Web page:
Effects of Calcium Aspartate Anhydrous on Treatment of Osteoporosis
J.F. Tang, Ph.D., Haitian Liu, Ph.D., Qiang Wang, Ph.D., X.S.Bai, Ph.D., Tianlin Lou, Ph.D., Tongge Yang, Ph.D., Haihuan Song, M.D., Qing Zhu, M.D., Q.C. Guo, M.D., Mingkun Zhao, M.D., Baoguo Chen, M.D., Yueshan Xie, M.D., Jiawen Hu, M.D., Haiying Zhou, M.D., Lei Song, M.D., Jun Chen, M.D., and Xiaoming Li, M.D.
Background Osteoporosis is a common metabolic bone disease. We conducted a multi-center, doubleplacebo, double-blind study to verify the effects of calcium aspartate anhydrous on osteoporosis.
Methods 1,306 patients with an initial t-score of -1.5 or lower were randomly assigned to receive
calcium aspartate anhydrous (CalAA, 520mg elemental per day) and a placebo, or calcium citrate (1500 mg elemental per day) and vitamin D (1000 IU per day), or two placebos.
Results At 3 months, the bone mineral density (BMD) at the lumbar spine had increased by a mean of 4.07% in the CalAA group, 0.64 percent in the calcium citrate group and there was no significant change in the double-placebo group. The BMD of the total hip had increased by a mean of 3.37 percent in the CalAA group. No significant change was detected in the calcium citrate group or the double-placebo group. At 12 months, lumbar spine BMD had increased by a mean of 5.66 percent in the CalAA group, while the calcium citrate group and the double-placebo group saw decline of 0.51% and 0.75% respectively. Total hip BMD had increased by a mean of 4.11 percent in the CalAA group while there was no significant change in the calcium citrate group. Total hip BMD declined by a mean of 1.17% in the double-placebo group.
Conclusions Calcium aspartate anhydrous increases bone mineral density significantly. Calcium citrate plus vitamin D may help slow down bone loss at the hip.
The exact cause of primary osteoporosis is not clear at present, but it is generally the co-interaction result of a number of factors and links. Most believe that the occurrence of osteoporosis is associated with various factors such as increased age, decreased hormone level, and calcium dysbolism, etc. As for women, particularly for menopausal women, many researchers believe that the occurrence of osteoporosis is closely related to decreased estrogen level and calcium dysbolism. The occurrence of osteoporosis in aged men can also be attributed to multiple factors. Androgens of aged men participate in the process of bone metabolism and play important roles in bone formation and maintenance. In addition, increased secretion of parathormone in the aged men reduces the bone formation but enhances the bone resorption. Kidney degeneration in aged men reduces the activity of hydroxylase, which in turn, decreases calcium absorption in the small intestine, causing negative calcium balance and loss of bone matrix. Attempts have been made to treat osteoporosis with a variety of pharmacological agents,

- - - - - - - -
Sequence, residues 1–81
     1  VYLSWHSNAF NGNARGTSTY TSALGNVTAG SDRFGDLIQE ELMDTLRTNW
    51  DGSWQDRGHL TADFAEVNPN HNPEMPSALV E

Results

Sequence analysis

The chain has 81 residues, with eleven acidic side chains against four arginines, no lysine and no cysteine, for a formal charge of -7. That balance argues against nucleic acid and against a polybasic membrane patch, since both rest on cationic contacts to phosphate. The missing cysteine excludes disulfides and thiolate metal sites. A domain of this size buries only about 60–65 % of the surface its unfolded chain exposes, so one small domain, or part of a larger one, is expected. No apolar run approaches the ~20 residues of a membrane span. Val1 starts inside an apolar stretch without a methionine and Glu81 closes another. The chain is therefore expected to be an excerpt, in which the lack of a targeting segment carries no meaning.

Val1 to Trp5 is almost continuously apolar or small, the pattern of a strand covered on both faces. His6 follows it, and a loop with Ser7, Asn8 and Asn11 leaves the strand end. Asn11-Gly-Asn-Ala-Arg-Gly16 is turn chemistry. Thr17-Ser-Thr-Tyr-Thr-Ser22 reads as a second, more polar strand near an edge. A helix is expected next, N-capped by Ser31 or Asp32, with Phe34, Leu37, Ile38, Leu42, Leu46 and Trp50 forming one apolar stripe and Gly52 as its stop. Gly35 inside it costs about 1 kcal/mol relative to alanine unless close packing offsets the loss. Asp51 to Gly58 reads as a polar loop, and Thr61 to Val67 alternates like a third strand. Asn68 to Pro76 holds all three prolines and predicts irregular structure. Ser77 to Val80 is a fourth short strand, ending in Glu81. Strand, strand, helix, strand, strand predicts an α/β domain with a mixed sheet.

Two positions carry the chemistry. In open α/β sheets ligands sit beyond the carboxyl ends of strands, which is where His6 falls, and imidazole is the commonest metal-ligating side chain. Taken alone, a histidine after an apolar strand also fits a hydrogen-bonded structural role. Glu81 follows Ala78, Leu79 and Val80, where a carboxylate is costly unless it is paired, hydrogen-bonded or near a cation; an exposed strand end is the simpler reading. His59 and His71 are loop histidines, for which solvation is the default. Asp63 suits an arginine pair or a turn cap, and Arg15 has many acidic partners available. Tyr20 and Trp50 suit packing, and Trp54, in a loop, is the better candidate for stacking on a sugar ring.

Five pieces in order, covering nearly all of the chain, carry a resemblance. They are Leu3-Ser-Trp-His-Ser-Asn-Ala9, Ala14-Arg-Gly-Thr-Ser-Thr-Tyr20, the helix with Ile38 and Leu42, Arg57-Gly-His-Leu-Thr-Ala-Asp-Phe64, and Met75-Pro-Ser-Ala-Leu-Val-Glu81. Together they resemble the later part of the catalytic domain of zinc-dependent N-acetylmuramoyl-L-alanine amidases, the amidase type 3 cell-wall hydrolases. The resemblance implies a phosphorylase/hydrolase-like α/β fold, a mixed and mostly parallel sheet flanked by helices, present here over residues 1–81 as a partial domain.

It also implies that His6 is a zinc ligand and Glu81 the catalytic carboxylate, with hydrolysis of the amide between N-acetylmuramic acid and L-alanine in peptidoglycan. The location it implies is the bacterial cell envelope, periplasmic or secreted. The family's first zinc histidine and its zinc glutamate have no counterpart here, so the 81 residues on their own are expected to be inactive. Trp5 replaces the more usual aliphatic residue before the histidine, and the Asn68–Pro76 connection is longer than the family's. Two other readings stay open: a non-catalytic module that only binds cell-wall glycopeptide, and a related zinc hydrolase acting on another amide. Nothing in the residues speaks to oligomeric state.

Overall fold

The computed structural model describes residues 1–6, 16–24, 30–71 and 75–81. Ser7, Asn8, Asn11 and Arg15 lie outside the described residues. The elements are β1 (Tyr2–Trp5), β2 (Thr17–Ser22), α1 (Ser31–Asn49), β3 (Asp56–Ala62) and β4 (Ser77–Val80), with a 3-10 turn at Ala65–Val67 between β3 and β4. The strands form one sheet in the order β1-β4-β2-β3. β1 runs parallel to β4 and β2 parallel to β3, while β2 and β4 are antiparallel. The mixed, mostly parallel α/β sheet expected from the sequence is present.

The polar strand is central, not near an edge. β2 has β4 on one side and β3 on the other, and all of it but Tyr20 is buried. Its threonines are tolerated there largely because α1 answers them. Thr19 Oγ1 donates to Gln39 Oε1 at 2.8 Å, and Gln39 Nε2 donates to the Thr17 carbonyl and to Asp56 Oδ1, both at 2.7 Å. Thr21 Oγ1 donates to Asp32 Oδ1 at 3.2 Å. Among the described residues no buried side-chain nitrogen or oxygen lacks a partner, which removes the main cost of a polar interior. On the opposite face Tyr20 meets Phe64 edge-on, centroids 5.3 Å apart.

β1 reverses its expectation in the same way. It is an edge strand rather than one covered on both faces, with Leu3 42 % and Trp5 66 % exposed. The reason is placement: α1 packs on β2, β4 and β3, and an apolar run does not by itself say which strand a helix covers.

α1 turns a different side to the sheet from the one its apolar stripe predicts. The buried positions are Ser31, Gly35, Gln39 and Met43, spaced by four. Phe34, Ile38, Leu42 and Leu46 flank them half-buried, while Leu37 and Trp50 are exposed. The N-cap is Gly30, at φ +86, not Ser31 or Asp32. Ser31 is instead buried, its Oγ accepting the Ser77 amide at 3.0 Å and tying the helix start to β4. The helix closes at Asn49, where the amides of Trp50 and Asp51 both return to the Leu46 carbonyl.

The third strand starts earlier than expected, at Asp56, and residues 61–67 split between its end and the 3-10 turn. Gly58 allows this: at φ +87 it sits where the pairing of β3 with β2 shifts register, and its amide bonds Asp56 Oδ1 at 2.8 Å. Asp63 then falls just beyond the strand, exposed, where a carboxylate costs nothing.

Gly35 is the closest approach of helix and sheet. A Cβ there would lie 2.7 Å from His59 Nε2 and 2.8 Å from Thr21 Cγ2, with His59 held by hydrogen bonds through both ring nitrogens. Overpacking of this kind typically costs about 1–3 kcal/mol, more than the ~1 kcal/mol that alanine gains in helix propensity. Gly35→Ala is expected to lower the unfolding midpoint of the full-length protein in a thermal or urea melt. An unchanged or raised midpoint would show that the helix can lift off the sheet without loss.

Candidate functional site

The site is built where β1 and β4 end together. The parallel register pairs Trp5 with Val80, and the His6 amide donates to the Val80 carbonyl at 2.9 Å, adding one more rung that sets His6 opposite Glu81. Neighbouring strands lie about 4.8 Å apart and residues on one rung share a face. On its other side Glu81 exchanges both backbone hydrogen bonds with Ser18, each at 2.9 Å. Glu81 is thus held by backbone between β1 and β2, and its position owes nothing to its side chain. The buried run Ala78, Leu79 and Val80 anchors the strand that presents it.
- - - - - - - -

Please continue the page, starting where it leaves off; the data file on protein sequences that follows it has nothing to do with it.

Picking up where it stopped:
such as estrogens and bisphosphonates. Evidence shows that those therapies have limited success in osteoporosis treatment. Therefore, a more effective method of preventing and treating osteoporosis is desirable.
In this one-year, multi-center, double-placebo, double-blind study, patients with t-score under -1.5, were randomly assigned to three groups. Group I receives CalAA (4 g per day, 520 mg elemental) and a placebo matching Vitamin D. Group II receives calcium citrate (1,500 mg elemental per day) and Vitamin D (1000 IU per day). Group III was given one placebo matching calcium, and another placebo matching Vitamin D.
A total of 1,306 patients were eligible. The criteria for exclusion were hormone-replacement therapy initiated within the previous year, or the use of bisphosphonates or calcitonin therapy.
Twenty-one patients withdrew before the 3-month visit, and thirty-four withdrew before the 12-month visit. The rate of retention for 12 months was 96.3% in the CalAA group, 95.4% in the calcium citrate group and 95.6% in the double-placebo group. Figure.1 gives details of the study profile.
Bone Density Measurements